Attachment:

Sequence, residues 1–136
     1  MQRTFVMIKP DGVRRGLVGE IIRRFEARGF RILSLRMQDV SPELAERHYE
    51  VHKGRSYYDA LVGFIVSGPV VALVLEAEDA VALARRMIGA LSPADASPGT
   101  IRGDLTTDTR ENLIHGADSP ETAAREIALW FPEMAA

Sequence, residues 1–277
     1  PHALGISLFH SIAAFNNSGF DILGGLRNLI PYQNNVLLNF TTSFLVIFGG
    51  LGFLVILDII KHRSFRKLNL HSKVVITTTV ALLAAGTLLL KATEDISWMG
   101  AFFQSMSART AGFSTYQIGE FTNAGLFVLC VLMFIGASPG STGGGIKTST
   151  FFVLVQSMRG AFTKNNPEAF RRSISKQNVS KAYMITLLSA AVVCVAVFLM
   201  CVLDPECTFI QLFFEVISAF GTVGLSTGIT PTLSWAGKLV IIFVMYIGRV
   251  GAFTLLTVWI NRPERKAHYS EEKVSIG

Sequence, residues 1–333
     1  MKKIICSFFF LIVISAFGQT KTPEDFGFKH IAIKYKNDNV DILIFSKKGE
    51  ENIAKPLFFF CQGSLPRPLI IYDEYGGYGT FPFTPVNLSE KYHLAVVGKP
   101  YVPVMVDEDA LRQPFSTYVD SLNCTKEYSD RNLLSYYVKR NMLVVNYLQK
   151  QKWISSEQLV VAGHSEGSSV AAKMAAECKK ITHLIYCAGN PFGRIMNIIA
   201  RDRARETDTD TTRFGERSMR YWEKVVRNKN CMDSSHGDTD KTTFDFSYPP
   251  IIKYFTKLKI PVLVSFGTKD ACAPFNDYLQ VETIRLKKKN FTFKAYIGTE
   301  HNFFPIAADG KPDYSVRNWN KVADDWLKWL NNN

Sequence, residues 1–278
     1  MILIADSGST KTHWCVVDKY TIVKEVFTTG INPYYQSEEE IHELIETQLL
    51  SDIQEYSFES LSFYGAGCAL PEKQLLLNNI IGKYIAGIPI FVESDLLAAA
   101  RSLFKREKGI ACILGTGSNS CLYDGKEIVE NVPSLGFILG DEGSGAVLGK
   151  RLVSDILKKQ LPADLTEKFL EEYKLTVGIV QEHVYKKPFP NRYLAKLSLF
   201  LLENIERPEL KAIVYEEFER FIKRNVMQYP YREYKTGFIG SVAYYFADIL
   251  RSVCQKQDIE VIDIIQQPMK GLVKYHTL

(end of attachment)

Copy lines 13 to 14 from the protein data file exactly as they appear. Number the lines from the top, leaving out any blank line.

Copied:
     1  MKKIICSFFF LIVISAFGQT KTPEDFGFKH IAIKYKNDNV DILIFSKKGE
    51  ENIAKPLFFF CQGSLPRPLI IYDEYGGYGT FPFTPVNLSE KYHLAVVGKP